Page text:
|His Eminence |
William Wakefield Baum
|Major Penitentiary Emeritus of the Apostolic Penitentiary|
|Enthroned||April 6, 1990|
|Reign ended||November 22, 2001|
|Successor||Luigi de Magistris|
|Ordination||May 12, 1951|
|Consecration||April 6, 1970|
|Created Cardinal||May 24, 1976|
Prefect of the Congregation for Catholic Education (1980-90) |
Archbishop of Washington (1973-80)
Bishop of Springfield-Cape Girardeau (1970-73)
|Birth name||William White|
November 21, 1926|
|Styles of |
|Reference style||His Eminence|
|Spoken style||Your Eminence|
William Wakefield Baum (born November 21, 1926) is an American clergyman of the Roman Catholic Church. He served as Bishop of Springfield-Cape Girardeau (1970-1973) and Archbishop of Washington (1973-1980) before serving in the Roman Curia as Prefect of the Congregation for Catholic Education (1980-1990) and Major Penitentiary (1990-2001). He was elevated to the cardinalate in 1976, and is currently the longest-serving cardinal from the United States.
Early life and ordination
William Wakefield White was born in Dallas, Texas, to Harold E. and Mary Leona (née Hayes) White. His father, a Presbyterian, died when William was a young child, and afterward he moved with his mother to Kansas City, Missouri. His mother married Jerome C. Baum, a Jewish businessman, who adopted the child and gave him his last name. He received his early education at St. Peter's parochial school, and began to serve as an altar boy at age ten. He entered St. John's Minor Seminary in 1940, then studied philosophy at Glennon College in St. Louis, Missouri. In 1947, he entered Kenrick Seminary, also in St. Louis. Ordained a priest on 12 May 1951, he spent his early church career in Missouri.
Priest and bishop
A privy chamberlain from 1961, from 1962 to 1965 he served as both vice-chancellor of the Diocese of Kansas City-St. Joseph and as an "expert" at the Second Vatican Council. He later became chancellor of that diocese before being named a bishop himself, heading the diocese of Springfield-Cape Girardeau from 1970.
Archbishop and Cardinal
Three years later Pope Paul VI elevated him to Archbishop of Washington, D.C. (his successor in Springfield-Cape Girardeau being Bernard Francis Law, another future cardinal); and in the consistory of 1976 Baum was named Cardinal-Priest of S. Croce in via Flaminia. He participated in the two conclaves of 1978.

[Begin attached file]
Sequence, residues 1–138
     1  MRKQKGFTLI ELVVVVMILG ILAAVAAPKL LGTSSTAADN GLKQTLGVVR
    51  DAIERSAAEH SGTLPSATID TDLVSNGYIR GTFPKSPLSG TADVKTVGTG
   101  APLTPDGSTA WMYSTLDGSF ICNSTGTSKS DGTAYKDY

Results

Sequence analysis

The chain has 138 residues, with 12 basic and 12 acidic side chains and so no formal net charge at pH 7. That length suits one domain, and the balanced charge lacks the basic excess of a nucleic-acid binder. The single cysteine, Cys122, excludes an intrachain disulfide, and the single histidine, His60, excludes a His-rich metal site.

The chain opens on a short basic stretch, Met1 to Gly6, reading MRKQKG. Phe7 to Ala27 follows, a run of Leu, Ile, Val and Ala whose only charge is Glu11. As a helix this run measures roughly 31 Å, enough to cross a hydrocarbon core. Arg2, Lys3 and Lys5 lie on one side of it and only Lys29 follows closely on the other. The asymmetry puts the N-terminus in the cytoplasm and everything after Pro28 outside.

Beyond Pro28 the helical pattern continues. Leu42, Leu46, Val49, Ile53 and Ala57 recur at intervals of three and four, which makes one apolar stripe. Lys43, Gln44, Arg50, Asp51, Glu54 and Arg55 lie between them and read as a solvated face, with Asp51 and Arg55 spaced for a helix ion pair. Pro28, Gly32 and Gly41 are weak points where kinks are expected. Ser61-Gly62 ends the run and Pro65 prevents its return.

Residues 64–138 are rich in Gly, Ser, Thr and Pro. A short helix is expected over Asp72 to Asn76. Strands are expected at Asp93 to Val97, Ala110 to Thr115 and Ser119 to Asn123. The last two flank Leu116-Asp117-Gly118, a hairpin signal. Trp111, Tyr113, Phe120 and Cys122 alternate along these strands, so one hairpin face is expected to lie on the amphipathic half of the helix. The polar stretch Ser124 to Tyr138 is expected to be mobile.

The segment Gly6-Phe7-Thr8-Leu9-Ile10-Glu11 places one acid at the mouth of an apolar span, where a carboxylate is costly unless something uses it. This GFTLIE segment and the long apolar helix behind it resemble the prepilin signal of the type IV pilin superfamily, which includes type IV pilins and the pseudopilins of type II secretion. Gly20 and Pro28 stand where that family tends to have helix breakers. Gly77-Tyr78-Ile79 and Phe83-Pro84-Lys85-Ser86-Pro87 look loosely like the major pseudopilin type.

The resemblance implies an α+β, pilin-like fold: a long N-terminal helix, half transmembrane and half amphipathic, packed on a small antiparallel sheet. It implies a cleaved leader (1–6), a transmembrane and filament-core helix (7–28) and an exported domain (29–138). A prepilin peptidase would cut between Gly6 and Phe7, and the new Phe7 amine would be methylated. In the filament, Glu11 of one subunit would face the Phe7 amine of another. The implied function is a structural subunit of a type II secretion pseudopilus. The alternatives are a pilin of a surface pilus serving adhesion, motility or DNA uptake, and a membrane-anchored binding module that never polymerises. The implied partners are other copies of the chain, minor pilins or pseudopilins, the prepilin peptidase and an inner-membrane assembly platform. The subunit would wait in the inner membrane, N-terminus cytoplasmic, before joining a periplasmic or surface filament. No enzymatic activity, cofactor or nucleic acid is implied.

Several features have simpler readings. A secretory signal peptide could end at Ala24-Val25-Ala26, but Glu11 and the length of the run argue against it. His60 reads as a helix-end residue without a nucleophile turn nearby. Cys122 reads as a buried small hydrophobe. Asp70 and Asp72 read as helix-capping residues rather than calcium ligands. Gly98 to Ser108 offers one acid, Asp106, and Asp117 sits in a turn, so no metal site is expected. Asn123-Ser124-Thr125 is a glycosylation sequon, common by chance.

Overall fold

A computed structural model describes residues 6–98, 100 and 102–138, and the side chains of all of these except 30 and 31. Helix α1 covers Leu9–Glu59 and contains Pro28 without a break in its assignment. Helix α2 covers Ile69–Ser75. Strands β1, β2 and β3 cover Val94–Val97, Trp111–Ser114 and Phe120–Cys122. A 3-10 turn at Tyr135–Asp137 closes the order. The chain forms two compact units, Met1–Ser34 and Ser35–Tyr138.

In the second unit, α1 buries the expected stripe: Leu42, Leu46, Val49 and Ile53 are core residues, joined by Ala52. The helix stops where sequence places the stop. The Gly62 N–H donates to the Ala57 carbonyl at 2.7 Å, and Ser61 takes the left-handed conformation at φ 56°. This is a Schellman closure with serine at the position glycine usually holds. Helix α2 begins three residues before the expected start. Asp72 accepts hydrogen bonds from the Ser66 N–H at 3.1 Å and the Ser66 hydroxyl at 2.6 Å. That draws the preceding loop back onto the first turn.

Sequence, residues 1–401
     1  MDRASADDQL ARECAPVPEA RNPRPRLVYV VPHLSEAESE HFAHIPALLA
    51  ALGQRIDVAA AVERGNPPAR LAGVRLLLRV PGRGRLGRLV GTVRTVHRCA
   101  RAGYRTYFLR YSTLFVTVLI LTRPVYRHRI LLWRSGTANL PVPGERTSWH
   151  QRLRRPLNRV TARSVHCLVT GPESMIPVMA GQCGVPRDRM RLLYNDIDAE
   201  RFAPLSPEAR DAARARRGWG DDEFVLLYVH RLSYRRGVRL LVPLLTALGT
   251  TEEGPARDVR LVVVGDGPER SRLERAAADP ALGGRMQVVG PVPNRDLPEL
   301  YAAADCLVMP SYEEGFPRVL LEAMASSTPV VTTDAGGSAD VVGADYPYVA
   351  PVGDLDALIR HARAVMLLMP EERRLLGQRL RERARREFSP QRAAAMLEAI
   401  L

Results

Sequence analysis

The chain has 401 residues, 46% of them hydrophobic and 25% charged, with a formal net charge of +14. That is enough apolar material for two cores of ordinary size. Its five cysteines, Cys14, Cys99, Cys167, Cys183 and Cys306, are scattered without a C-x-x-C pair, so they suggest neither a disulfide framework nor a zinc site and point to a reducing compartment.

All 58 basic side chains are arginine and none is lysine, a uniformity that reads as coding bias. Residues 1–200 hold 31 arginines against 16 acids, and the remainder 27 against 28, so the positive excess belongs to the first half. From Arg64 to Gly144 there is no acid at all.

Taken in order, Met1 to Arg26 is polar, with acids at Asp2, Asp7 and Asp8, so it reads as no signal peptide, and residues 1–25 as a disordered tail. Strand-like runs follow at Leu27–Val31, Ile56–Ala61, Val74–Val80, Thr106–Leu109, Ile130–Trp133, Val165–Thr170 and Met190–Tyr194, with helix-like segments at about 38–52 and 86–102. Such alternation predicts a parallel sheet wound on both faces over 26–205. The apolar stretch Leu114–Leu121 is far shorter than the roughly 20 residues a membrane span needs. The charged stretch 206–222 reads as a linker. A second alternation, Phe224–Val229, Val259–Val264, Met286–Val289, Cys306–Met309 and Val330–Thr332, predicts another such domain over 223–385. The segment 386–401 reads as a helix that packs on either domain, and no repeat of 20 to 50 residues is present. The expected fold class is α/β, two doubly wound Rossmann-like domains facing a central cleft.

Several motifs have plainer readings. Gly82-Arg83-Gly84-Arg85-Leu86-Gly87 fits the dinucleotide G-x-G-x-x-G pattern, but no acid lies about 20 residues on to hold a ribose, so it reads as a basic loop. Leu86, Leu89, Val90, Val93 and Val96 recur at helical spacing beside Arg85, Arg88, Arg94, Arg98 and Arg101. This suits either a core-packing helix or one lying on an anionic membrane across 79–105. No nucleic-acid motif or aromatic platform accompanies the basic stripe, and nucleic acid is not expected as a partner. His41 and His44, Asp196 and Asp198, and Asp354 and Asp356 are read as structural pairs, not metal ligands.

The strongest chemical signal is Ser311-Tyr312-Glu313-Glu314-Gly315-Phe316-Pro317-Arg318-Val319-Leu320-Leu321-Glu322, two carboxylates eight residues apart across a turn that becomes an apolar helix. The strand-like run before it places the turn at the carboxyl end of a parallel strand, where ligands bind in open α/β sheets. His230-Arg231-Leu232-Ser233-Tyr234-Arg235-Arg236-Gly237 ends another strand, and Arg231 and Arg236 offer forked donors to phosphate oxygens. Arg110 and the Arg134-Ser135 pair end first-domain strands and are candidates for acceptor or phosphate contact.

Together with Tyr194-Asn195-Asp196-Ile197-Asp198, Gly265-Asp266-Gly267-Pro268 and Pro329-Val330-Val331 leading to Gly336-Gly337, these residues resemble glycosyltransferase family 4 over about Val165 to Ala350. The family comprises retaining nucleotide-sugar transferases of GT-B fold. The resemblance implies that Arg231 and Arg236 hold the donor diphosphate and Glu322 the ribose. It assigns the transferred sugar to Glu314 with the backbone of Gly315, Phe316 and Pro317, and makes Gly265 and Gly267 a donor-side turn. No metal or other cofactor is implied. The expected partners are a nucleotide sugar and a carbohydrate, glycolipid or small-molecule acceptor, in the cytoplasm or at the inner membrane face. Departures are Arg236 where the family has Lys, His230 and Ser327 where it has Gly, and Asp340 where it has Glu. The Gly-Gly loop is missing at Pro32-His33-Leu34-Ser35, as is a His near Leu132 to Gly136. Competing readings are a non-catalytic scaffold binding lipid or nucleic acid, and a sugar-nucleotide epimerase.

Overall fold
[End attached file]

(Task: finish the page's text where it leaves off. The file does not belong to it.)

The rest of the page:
Under Pope John Paul II, Baum's rise continued, as in 1980 he was named to the Roman Curia as Prefect of the Congregation for Catholic Education. In 1990 he became the Church's Major Penitentiary, exchanging the responsibility of overseeing church seminaries worldwide for that of supervising the office in charge of the forgiveness of sins.
Baum was one of the cardinal electors who participated in the 2005 papal conclave that selected Pope Benedict XVI. Along with Benedict (then Cardinal Ratzinger) and Cardinal Jaime Sin, he was one of three remaining cardinals elevated by Paul VI to retain voting rights in that conclave - though two more who had already died many years before John Paul, António Ribeiro and Emile Biayenda, would have been eligible to vote had they remained alive. He was the senior Cardinal Priest to participate in the 2005 papal conclave.
Somewhat frail in recent years, he has suffered from deteriorating eyesight. His resignation as Penitentiary was accepted the day after his 75th birthday in 2001, but he has remained active in Rome to the extent that his health permits, and attended the meeting of American cardinals called to deal with the sex abuse scandal in 2003.
With the election of Ratzinger as pope on April 19, 2005, Baum became the last cardinal elevated by Pope Paul VI to maintain voting rights in a papal conclave. Since Baum reached the age of 80 on November 21, 2006, all cardinals who may vote in a conclave have been elevated by Pope John Paul II or Pope Benedict XVI.
Only one American Cardinal in history (James Gibbons) has a longer cardinalate than Baum. If Cardinal Baum has not died by March 8, 2011, he will surpass Gibbons as the longest-serving American cardinal of all time. (On October 25, 2008, he passed William Henry O'Connell as the second longest-serving American Cardinal.)
|Consecrated by:||John Carberry|
|Date of consecration:||April 6, 1970|
|Bishop||Date of consecration|
|Thomas William Lyons||September 12, 1974|
|Eugene Antonio Marino||September 12, 1974|
|Catholic Church titles|
Ignatius Jerome Strecker
|Bishop of Springfield-Cape Girardeau|
| Succeeded by|
Bernard Francis Law
|Archbishop of Washington|
| Succeeded by|
|Prefect of the Congregation for Catholic Education|
| Succeeded by|
|Major Penitentiary of the Apostolic Penitentiary|
| Succeeded by|
Luigi de Magistris